Results suggested that although there was no significant change in students' dispositions toward each individual STEM field, there was a statistically significant improvement of students' perceptions of STEM careers (p = 0.04; d = 0.25). Furthermore, the results of the Pearson's correlation indicated that there was a statistically significant positive association between perceptions of a STEM career and perceptions in science, mathematics and engineering.

Research limitations/implications

This suggests that various components of the informal learning environment positively contributed to students' perceptions toward STEM careers. Implications from the study indicate that when students are engaged in hands-on science or STEM PBL activities and have opportunities to be exposed to various STEM careers, their perceptions of STEM pathways will improve.

Originality/value

These results may influence future curriculum and the organization of future STEM camps by encouraging teachers and camp directors to integrate practical hands-on STEM projects and expose students to potential STEM pathways through lab tours and panels of STEM professionals.

Details

Journal of Research in Innovative Teaching & Learning, vol. 13 no. 1
Type: Research Article
ISSN: 2397-7604

Keywords

Book part
Publication date: 4 October 2012

David Gibson

If there are truly impermeable walls between objective research purity, applied science research and development, and advocacy for social justice, then the current system of…

Abstract

If there are truly impermeable walls between objective research purity, applied science research and development, and advocacy for social justice, then the current system of education, tenure, rewards and recognition should be serving society well now and into the future. However, the world has dramatically changed due to three shaping forces in society: (1) technological flattening of the landscape of opportunity, (2) the rise of the inseparable role of technology in creating knowledge and culture, and (3) the development of complex systems science. These three game changers imply a dramatic rethinking of the foundations of knowledge and practice in all fields because they exert new constraints and open up new opportunities for education concerning the knowledge and skills needed to prepare the next generation of leaders for the global competition of ideas, creativity, and human potential. The 21st century educator capable of transforming learning environments is a person who is a master of these three core concepts. This chapter articulates a vision that is aimed to generate thinking and debate, and like an attractor, pull mental models toward the future as scholarly communities in education grapple with their own next steps and the challenging conversations needed for advancement and innovation in response to the globally changing landscape.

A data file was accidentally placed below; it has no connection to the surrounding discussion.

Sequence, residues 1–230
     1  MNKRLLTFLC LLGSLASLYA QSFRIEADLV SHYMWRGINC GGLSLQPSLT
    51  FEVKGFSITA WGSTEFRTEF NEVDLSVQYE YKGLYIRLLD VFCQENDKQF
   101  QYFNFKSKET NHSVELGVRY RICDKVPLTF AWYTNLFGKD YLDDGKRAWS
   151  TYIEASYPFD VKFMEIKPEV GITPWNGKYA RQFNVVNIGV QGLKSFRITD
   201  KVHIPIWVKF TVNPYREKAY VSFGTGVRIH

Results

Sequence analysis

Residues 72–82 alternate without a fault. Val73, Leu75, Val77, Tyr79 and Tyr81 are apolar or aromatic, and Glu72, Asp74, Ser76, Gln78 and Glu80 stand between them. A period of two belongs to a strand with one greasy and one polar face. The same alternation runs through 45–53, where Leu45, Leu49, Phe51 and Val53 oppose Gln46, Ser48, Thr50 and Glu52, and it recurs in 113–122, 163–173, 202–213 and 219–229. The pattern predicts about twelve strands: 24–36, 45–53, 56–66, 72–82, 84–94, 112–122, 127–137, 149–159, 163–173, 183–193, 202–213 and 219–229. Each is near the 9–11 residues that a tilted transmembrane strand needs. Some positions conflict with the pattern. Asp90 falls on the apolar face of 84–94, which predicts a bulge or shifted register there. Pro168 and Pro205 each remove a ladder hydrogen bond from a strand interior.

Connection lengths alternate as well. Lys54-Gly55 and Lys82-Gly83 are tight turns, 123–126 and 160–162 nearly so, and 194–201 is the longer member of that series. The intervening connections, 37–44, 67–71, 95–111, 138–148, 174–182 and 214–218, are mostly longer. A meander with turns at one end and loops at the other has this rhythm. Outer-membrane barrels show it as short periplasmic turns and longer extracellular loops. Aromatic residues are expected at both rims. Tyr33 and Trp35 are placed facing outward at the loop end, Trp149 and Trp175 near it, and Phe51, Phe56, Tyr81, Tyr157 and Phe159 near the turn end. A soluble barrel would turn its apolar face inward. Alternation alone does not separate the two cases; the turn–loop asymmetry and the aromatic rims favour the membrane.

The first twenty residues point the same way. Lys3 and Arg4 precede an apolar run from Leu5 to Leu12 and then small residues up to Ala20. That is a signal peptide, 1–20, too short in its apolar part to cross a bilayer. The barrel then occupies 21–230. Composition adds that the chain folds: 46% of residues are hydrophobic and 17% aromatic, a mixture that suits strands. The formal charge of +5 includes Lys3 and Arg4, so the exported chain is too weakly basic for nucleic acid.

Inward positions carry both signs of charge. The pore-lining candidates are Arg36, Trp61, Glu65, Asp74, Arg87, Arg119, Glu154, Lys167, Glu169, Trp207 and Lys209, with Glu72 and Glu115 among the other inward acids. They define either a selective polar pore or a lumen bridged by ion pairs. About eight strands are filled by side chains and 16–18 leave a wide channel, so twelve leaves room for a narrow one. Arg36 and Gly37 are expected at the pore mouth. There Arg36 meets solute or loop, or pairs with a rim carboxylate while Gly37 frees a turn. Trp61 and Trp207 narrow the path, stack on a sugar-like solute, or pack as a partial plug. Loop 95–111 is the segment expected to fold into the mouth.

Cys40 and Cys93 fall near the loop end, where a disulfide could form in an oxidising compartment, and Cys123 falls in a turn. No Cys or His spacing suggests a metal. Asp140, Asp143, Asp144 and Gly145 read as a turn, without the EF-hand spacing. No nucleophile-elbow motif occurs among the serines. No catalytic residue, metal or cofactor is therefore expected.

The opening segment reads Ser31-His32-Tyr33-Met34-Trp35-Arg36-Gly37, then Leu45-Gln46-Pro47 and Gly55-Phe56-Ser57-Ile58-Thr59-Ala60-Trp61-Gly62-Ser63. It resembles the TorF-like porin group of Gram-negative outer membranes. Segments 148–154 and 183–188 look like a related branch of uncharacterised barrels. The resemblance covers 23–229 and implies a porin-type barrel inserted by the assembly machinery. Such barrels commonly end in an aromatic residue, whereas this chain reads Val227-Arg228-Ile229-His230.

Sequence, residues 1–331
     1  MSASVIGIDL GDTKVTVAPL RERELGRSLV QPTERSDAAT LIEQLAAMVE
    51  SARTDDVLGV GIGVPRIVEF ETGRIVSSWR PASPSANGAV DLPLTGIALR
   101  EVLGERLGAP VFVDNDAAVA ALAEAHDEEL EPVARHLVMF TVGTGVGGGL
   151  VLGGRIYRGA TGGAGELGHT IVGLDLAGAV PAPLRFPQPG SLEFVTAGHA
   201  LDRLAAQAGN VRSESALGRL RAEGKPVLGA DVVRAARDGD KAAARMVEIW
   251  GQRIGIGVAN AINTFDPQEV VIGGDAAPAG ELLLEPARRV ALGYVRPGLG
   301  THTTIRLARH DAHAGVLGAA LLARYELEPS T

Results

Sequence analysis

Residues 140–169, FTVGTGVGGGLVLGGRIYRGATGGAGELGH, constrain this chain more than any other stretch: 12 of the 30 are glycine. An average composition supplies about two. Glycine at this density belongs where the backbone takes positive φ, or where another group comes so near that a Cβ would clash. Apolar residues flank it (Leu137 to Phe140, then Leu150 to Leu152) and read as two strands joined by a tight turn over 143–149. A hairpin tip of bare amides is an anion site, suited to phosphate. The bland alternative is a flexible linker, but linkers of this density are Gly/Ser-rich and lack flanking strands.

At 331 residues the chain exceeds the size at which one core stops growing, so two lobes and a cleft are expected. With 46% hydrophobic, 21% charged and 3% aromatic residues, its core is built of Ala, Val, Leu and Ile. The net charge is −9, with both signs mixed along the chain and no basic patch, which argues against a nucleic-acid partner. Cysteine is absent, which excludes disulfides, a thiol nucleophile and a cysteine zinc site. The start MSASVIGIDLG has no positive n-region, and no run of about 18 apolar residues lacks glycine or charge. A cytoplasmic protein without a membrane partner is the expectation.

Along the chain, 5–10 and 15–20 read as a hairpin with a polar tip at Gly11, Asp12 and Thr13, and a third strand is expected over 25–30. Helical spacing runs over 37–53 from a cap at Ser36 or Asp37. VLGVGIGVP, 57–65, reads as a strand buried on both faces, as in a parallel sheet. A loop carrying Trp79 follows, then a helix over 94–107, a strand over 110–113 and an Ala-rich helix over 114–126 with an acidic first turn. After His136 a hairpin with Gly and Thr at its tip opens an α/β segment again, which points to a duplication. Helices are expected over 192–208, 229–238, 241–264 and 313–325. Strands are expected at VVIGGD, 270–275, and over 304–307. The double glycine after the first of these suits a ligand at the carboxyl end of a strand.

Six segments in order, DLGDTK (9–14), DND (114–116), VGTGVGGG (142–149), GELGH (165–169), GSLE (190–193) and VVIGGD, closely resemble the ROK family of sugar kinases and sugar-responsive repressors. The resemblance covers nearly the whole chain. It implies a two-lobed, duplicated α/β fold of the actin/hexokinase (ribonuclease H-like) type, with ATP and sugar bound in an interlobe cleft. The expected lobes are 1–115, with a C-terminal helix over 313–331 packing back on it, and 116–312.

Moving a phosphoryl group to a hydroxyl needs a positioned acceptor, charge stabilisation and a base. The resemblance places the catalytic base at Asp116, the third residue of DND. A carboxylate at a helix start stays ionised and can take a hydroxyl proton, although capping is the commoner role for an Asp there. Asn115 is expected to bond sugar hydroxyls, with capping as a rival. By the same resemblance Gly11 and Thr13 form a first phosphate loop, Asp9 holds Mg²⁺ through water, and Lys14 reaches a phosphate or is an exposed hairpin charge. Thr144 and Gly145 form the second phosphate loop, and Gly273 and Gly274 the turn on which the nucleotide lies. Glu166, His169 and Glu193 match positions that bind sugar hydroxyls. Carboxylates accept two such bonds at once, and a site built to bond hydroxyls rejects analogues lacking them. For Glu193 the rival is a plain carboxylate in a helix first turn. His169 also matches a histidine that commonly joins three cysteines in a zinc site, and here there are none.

Details

Transforming Learning Environments: Strategies to Shape the Next Generation
Type: Book
ISBN: 978-1-78190-015-4

Keywords

Article
Publication date: 8 April 2020

Daniella LaShaun Smith and Tandra L. Tyler–Wood

This study examines the results of a STEM unit taught in an elementary school library, with 26 fourth-grade students as the participants.

Abstract

Purpose

This study examines the results of a STEM unit taught in an elementary school library, with 26 fourth-grade students as the participants.

Design/methodology/approach

A quasi-experimental design was used. The relationships between the independent variable gender and the perceptions of familial support structures and academic achievement were examined.

Findings

For the entire group, the average academic achievement scores of the participants increased. The increase was not statistically significant. The male students had a statistically significant improvement in their academic achievement scores, and there was a statistically significant decrease in the academic achievement scores of the female students. An increase in the female students' belief that their family was interested in their science classes was correlated with a decrease in their academic achievement scores.

Research limitations/implications

The sample size for this study is small, and the results are not generalizable. Open-ended questions were not included in the data collection instruments. Therefore, it cannot be determined why the overall academic scores may have decreased for female students. Further research is encouraged.

Practical implications

The results of this study show the potential for STEM activities in school libraries. School librarians can provide students with low-risk, informal learning environments to practice new skills.